Saturday, March 15, 2014

Slice of Life & Celebrate!

Since it's Saturday and I am participating in the March Slice of Life Challenge as well as Celebrate! I will be posting one post for both.

Discover. Play. Build. 

The week ended with my daughter being sick (again...) and me reflecting on a conversation that I had with a colleague where I came to the realization that I need to apologize. That's tough - admitting you're wrong. I may not have been wrong in what I said but the way I said "it" was not a way that made me proud. I should have resorted to mentor behavior and asked questions instead of speaking out in such a harsh way. The behavior in itself is not reason to celebrate but the fact that I recognize it and am motivated to remedy the situation is growth on my part. It is not easy for me to admit wrong doing nor do I always have the courage to apologize. 

Since I ended my work week on a shaky note, today's post is really an opportunity for me to focus on the positive. The coach I work with through the Chalkboard Project as I manager my district's Collaboration Grant is constantly pushing me to look for the progress we have made this year and to celebrate it. Today's post will reflect a lot of the celebrating I am doing in that part of my job. 

1. I needed some time to focus on a few projects around the house. I try to be fairly organized, but it feels like things are spiraling out of control a bit. My husband took Maddie fishing at a local reservoir - this is the picture that my husband sent me.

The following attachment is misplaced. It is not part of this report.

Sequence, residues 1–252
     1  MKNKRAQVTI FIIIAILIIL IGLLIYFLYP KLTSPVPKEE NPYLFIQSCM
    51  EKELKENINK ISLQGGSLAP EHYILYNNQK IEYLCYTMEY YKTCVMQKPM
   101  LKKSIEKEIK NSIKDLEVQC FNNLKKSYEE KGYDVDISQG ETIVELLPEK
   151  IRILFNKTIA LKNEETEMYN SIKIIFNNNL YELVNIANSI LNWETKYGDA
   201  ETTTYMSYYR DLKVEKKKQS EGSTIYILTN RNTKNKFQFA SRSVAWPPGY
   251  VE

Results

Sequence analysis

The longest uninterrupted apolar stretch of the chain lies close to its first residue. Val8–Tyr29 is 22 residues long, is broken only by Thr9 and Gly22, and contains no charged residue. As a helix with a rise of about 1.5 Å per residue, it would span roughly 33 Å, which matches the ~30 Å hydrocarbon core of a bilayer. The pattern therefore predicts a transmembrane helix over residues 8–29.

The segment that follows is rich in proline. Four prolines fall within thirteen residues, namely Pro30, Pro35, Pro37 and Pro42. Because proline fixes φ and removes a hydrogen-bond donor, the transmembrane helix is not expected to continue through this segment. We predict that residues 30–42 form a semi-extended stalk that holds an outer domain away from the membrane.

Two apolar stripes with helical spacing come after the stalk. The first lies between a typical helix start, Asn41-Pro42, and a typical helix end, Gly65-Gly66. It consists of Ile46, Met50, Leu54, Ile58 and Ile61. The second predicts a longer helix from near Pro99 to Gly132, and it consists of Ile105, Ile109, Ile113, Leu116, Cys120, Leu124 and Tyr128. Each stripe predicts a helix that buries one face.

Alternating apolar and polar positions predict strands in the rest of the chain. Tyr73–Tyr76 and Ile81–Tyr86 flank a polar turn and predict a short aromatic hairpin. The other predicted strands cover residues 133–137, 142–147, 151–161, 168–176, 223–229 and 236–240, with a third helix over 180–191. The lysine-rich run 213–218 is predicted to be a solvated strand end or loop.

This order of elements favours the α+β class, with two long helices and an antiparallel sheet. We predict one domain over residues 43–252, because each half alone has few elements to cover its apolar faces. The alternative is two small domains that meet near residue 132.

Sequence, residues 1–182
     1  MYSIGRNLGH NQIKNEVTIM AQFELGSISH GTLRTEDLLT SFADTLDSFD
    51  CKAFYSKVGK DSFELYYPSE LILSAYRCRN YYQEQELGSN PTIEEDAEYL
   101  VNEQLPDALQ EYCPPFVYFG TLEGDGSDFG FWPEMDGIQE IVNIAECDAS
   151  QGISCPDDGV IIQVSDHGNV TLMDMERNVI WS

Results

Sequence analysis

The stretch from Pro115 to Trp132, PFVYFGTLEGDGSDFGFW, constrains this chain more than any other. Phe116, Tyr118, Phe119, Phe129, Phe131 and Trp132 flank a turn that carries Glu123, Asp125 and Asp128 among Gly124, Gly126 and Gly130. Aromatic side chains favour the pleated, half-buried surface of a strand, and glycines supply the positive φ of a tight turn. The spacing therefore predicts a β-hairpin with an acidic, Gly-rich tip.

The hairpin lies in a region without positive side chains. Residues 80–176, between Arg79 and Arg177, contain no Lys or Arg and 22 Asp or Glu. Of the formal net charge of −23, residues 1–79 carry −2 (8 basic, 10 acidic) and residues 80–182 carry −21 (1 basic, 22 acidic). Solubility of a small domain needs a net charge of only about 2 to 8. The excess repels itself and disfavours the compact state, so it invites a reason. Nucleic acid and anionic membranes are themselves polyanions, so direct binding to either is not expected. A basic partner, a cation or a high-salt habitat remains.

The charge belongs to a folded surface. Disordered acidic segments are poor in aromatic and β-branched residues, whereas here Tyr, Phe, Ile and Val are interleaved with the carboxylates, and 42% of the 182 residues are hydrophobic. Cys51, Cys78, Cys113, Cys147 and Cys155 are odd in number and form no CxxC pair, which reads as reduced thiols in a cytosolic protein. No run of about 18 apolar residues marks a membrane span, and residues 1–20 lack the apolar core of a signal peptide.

The happiness I feel with this pictures comes from two places. First of all, I love that Maddie loves to spend time with her daddy. I love, too, that her daddy helps her to enjoy life outdoors. For me, being outdoors involves a chair and a book - I love that my husband adds some balance to her life. Second, is that this picture brings back good memories of my dad posing for pictures with his catch of the day as well. I am sure he was smiling down on Maddie as she fished. 

2. My work week began with a second meeting for the month with the Collaboration Grant's District Leadership Team. Our coach, Annie, did an opening activity with us that she called a Chalk Talk. 
The directions were for each of us to respond to the prompt she gave us (Speaking for your future self, what does it look like when Professional Development is done really well?). We were to use a marker to write on the butcher paper (resembling a chalk board) and we could not say a word. What ensued was pretty powerful! It's worth noting that the team is comprised of administrators and teachers and a school board member. There's been some tension in the group as we try to work our way through developing a sustainable professional development plan that meets everyone's needs. Sometimes the conversation feels like we are on opposing sides. The power in the Chalk Talk came from the fact that every voice was "heard" and the results were that we all wanting for the same things in PD: job embedded, relevant, choice. We still have our work ahead of us as we work to meet the goals we established when writing the grant but then also as we look ahead to what next year holds. I have high hopes that we will be moving away from what we've always done in my district - a one size fits all plan that has yielded the same results time and again.